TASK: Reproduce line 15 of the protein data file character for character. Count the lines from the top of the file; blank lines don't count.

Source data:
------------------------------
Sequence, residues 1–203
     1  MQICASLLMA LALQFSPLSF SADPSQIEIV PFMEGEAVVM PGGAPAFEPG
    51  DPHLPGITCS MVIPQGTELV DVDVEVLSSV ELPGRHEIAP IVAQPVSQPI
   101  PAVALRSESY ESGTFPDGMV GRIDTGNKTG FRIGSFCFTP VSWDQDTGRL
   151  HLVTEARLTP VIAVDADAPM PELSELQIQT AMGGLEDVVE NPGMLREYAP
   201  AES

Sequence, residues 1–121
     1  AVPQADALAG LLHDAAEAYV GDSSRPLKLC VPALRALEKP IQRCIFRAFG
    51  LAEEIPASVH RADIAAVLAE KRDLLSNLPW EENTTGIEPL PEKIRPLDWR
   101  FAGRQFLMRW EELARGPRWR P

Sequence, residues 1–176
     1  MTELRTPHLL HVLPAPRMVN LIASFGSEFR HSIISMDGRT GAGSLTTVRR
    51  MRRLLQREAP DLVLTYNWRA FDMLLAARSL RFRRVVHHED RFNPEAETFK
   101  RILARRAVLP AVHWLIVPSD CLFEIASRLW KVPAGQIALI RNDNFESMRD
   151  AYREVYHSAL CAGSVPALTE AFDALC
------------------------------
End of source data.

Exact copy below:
   151  AYREVYHSAL CAGSVPALTE AFDALC